Viagra could be a potent force in the fight against Alzheimer’s, says study

·4 min read
Analysis revealed that sildenafil, the chemical name for Viagra, may be effective at targeting some proteins involved in the development of Alzheimer’s in the brain - AFP Photo/Hoho/AFP/Getty Images
Analysis revealed that sildenafil, the chemical name for Viagra, may be effective at targeting some proteins involved in the development of Alzheimer’s in the brain - AFP Photo/Hoho/AFP/Getty Images

Viagra may be able to protect people from developing Alzheimer’s disease, a new study has suggested.

The medication, also known by its chemical name sildenafil, is safe to use and currently prescribed as a treatment for erectile dysfunction in men as well as for high blood pressure.

However, a team of academics from the US believe it may also be able to reduce the risk of a person developing Alzheimer’s by 69 per cent.

Academics looked at which approved pharmaceuticals may be effective at treating other conditions they are not currently intended for. More than 1,600 drugs were studied and researchers looked at how they interacted with more than 350,000 different proteins in the human body.

This method is a new field of investigation and could lead to medicines being repurposed to expand their range of applications. Analysis revealed that sildenafil may be effective at targeting some proteins involved in the development of Alzheimer’s in the brain.

Alzheimer’s is the most common manifestation of dementia, and is one of the UK’s biggest killers. In 2020, 11.5 per cent of all registered deaths in England and Wales were attributed to Alzheimer’s or dementia, with only Covid accounting for a higher proportion of deaths.

Trawling through insurance records

Previous studies on animals have indicated that Alzheimer’s may be preventable and treatable with Viagra, but there has been no firm evidence from human trials.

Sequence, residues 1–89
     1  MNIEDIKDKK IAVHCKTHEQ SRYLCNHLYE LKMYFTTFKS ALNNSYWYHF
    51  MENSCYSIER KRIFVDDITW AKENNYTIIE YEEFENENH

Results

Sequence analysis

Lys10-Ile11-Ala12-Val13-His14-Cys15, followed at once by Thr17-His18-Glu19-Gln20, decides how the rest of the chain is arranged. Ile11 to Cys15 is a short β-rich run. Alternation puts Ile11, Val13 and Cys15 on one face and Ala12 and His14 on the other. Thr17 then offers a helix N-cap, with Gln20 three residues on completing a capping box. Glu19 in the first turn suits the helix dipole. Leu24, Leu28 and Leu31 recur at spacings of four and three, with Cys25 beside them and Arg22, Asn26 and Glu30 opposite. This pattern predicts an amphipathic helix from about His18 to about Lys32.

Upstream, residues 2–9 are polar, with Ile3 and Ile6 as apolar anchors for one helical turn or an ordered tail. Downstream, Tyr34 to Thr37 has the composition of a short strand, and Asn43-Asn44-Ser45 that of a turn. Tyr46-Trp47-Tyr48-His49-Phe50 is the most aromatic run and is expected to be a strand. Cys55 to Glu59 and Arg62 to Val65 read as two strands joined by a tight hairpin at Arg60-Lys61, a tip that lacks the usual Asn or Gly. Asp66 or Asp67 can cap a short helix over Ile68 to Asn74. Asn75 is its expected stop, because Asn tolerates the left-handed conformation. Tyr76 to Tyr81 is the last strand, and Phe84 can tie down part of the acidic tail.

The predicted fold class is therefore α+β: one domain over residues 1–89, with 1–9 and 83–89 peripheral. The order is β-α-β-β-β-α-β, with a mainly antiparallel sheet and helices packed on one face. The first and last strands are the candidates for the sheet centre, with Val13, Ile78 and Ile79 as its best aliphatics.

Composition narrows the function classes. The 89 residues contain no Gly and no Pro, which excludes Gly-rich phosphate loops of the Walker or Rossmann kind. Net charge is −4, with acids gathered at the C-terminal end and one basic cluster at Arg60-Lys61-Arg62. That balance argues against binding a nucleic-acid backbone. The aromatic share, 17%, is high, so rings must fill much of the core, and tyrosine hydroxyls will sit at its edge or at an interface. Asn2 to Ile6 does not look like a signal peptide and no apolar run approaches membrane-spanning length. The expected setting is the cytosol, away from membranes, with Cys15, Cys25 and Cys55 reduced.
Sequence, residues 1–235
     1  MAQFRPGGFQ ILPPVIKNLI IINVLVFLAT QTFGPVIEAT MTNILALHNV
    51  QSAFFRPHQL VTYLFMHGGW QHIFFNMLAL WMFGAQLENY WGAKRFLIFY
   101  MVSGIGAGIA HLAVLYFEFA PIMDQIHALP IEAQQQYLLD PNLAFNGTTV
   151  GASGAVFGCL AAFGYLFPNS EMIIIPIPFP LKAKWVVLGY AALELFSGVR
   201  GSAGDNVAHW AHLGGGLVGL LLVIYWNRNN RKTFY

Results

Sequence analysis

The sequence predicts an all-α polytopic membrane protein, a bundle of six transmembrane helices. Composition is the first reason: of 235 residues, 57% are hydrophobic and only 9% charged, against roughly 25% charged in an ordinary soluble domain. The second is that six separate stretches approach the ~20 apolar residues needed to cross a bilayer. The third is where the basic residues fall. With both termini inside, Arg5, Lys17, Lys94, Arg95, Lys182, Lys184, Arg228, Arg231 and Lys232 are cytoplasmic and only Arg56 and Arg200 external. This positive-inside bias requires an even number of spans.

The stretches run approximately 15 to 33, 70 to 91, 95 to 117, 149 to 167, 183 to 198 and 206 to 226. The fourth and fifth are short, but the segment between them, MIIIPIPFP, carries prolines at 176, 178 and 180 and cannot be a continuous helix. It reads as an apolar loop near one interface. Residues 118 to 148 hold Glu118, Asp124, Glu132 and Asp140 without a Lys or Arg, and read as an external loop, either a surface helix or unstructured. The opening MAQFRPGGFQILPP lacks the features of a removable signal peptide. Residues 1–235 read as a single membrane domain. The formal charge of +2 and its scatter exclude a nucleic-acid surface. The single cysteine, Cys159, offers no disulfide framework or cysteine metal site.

The academics trawled through the medical insurance records of more than seven million people in the US. This anonymised dataset allowed the researchers to look at those who were prescribed the drug and their health outcomes over several years.

It showed that about 99 per cent of people taking Viagra did not develop Alzheimer’s over the six-year span. For those not on the drug, the figure was about 95 per cent.

“After six years of follow-up, sildenafil usage was significantly associated with a 69 per cent reduced risk of Alzheimer’s disease, compared with matched non-sildenafil users,” the scientists wrote in their paper, published in the journal Nature Aging.

Nearly all people, 98 per cent, in the study that were taking Viagra were male as a consequence of the drug’s current use and the researchers failed to find hard evidence that the drug lowered the risk of Alzheimer’s in women.

The study has demonstrated a link between those who take the drug and a lower risk of Alzheimer’s disease, but the data is unable to prove viagra is the reason for this.

Experts caution that the only way to ascertain a demonstrable causation is with a clinical trial.

Opinion split over effectiveness

Robert Howard, the professor of old age psychiatry at University College London, said that the results “failed to excite” him.

“Association does not imply causation and one only has to pause for a moment to consider the characteristics of older men who consult with their doctor for drug treatment of erectile dysfunction to understand why they might already be different from someone in the pre-symptomatic stages of Alzheimer’s disease,” he added.

However, some academics were more upbeat about the research. Dr Jack Auty from the University of Tasmania, for example, said there were clear issues with the paper, but the approach and findings were “exciting”, “fascinating” and “fantastic”.

“We need further research. In the field of Alzheimer’s disease research, we have been excited by many drugs over the years, only to have our hopes dashed in clinical trials. I will be following this research group and the research around sildenafil closely,” he said.

Dr Susan Kohlhaas, the director of research at Alzheimer’s Research UK, said: “Developing drugs for diseases like Alzheimer’s, which attack the brain, is a costly process and can take many years.

“Being able to repurpose a drug already licensed for other health conditions could help speed up the drug discovery process and bring about life-changing dementia treatments sooner.”

Dr Ivan Koychev, the senior clinical researcher at the University of Oxford, called the study “an exciting development”, adding: “This ‘repurposing’ approach can reduce the drug discovery period by years and reduce the risk of failure as we already know how safe these drugs are in humans.”